Detroit Red Wings general manager Ken Holland, a driving force behind the NHL adopting its wildly popular 3-on-3 overtime, wondered recently how exciting it would be for the league to adopt a wild-card play-in game similar to what is used by Major League Baseball.
The proposal would add a third wild-card playoff team to each conference, with the bottom two wild-card teams facing each other in a one-game playoff to determine which team advances to a first-round playoff series. The idea was discussed at last week's board of governors meetings in Florida.
"Personally, I'm not in favor of it," Philadelphia Flyers general manager Ron Hextall said. "I think we demand a lot of our players and playing more games, I don't think, is a solution.
Hextall said that considering the teams play a preseason with a minimum of seven games, 82 games in the regular season and up to two months in the playoffs, plus the potential of the Olympics and World Cup every other season, "we've got to be really careful of putting our players through more than we already do."
Under Holland's plan, if the current season ended Sunday, the ninth-seeded New Jersey Devils (30 points) would face the second wild-card team in the East, the Washington Capitals (37 points), in the Eastern Conference play-in game. The ninth-seeded Winnipeg Jets (29 points) would face off against the second wild-card Los Angeles Kings (30 points) in the West.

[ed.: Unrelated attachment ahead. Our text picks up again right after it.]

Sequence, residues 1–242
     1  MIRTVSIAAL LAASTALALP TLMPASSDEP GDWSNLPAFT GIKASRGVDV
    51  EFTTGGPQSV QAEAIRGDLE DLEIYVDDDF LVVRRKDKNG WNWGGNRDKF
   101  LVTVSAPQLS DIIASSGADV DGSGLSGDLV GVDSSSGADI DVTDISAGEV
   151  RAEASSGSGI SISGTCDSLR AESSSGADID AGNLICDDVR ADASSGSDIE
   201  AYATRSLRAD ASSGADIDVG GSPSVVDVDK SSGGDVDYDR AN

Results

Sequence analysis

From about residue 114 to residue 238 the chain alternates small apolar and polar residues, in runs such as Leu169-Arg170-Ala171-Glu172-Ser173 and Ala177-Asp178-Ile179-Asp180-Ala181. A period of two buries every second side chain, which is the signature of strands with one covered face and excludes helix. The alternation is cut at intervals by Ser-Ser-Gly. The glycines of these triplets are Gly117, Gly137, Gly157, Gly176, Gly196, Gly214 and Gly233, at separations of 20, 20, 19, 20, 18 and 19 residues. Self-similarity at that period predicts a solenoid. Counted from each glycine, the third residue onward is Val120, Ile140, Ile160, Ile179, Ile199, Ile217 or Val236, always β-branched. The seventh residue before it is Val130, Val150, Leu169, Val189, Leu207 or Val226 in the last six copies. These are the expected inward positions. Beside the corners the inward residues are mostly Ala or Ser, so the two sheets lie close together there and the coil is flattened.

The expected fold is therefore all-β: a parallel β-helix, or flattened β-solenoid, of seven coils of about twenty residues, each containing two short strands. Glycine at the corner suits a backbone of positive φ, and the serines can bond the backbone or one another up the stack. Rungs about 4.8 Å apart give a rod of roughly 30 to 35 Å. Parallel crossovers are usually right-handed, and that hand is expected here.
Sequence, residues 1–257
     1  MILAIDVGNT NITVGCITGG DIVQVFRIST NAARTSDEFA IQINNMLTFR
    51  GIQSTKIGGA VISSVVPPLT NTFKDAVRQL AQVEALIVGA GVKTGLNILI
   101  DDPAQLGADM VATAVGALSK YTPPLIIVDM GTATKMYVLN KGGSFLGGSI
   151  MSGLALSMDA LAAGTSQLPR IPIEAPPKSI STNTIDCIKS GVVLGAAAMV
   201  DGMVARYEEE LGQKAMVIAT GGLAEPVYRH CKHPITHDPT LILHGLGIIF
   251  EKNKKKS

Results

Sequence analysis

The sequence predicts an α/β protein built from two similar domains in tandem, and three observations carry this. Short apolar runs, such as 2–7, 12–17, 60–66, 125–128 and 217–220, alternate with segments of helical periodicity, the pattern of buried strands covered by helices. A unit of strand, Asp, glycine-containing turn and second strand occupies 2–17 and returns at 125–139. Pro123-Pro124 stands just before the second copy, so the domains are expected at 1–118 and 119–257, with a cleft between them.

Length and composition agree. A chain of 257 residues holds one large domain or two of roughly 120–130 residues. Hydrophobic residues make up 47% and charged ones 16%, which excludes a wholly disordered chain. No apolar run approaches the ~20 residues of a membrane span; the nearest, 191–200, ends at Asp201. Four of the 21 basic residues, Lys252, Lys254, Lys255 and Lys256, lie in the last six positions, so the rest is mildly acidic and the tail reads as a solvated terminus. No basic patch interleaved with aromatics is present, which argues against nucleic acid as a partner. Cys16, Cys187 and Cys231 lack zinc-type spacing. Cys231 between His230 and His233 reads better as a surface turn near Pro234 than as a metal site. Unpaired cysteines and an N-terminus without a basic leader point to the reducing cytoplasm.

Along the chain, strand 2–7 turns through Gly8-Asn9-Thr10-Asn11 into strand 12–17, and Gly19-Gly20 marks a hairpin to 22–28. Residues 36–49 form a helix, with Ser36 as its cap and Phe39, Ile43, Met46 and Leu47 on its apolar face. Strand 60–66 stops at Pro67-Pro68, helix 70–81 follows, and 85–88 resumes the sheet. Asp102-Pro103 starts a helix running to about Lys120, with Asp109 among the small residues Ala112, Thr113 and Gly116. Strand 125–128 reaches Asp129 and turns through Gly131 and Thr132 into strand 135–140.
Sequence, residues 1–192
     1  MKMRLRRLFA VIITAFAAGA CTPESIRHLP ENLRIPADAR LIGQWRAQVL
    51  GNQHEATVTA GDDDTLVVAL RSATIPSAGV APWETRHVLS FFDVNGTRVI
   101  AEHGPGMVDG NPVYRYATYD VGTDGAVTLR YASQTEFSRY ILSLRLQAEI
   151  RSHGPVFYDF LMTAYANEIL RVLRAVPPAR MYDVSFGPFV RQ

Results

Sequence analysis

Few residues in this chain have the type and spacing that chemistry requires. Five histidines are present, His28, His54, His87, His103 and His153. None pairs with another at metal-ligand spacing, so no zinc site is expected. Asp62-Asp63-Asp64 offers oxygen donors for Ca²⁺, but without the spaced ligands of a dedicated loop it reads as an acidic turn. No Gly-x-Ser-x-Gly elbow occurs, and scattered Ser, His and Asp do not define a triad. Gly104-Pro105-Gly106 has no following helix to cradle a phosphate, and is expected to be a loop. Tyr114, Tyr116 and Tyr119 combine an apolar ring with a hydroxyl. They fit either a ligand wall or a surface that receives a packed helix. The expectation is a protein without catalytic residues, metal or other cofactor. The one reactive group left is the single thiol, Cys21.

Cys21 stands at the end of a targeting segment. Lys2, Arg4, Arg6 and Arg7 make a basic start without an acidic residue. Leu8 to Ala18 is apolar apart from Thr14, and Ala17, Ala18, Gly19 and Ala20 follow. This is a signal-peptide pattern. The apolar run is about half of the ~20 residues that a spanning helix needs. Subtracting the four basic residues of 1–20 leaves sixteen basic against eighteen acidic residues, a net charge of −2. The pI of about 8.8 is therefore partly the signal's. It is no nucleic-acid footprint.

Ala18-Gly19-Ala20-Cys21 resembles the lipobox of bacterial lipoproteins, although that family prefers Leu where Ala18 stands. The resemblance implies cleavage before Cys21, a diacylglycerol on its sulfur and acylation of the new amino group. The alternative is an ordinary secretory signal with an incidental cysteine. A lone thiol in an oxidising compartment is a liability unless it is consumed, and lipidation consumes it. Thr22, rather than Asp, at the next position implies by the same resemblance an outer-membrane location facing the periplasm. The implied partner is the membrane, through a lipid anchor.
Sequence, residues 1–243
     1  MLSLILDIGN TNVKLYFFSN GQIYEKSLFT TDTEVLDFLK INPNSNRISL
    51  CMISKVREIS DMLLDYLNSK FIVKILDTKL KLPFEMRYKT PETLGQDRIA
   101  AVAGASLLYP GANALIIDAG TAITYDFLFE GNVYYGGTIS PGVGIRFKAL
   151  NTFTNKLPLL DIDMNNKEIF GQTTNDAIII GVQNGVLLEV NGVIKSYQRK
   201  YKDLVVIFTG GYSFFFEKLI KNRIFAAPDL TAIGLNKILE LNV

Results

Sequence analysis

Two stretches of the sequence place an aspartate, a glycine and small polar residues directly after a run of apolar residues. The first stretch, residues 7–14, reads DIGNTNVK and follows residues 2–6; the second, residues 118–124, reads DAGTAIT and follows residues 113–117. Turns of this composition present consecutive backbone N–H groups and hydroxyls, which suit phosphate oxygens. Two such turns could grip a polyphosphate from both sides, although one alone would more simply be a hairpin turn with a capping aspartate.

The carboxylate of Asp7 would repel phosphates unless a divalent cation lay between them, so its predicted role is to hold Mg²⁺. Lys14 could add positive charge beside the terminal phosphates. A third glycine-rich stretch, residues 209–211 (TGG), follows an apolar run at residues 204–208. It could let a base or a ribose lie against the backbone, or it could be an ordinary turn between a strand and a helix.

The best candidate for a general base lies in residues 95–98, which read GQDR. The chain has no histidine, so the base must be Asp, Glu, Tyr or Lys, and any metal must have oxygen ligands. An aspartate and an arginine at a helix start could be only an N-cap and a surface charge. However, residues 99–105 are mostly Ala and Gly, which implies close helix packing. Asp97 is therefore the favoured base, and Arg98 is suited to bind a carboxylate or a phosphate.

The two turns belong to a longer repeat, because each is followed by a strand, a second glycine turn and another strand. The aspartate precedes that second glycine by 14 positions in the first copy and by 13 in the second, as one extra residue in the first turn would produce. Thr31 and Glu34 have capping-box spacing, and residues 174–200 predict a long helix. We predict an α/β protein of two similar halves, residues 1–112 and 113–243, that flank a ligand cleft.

"It is something we've discussed and it has gained some traction," Dallas Stars general manager Jim Nill said. "But what if the second wild-card team has a six-point lead on the ninth-place team? Should they be knocked out of the playoffs because they lose one game?"
In the three seasons since the lockout-shortened 2012-13 season, when the Columbus Blue Jackets missed the playoffs despite being tied in points with the Minnesota Wild, at least two points have separated the second wild-card team from the ninth-seeded non-playoff team in each conference.
That alone, Florida Panthers executive chairman Peter Luukko said, should be reason enough to keep the current playoff format unchanged.
"I think it's fine the way it is," Luukko said. "I mean, we're playing 82 games. I think it's fair and I think it's really working. It's coming down to the end of the season anyway right now. It couldn't be more exciting. I just think that kind of cheapens it."
Nill said there have been discussions among general managers about giving the No. 1 playoff seed more of a reward for finishing with the best record in each conference, perhaps by increasing their number of first-round home games from four to five.
That idea might be more palatable to the players than adding an extra game to their schedules.
"I think it's stupid," Flyers forward Jakub Voracek said. "A one-game playoff? I don't think this is baseball. You have 82 games to get in the playoffs. If you're not in, you're out."
Teammate Wayne Simmonds agreed.
"You get in, you get in," he said. "There should be no play-in game. You finish one through eight, you're in the playoffs. You finish ninth and you lose a tiebreaker by goal differential or something else, it's too bad. The tiebreakers are fine, why change it now?"
Idea of baseball-like play-in wild-card game called 'stupid,' generally shot down by players, GMs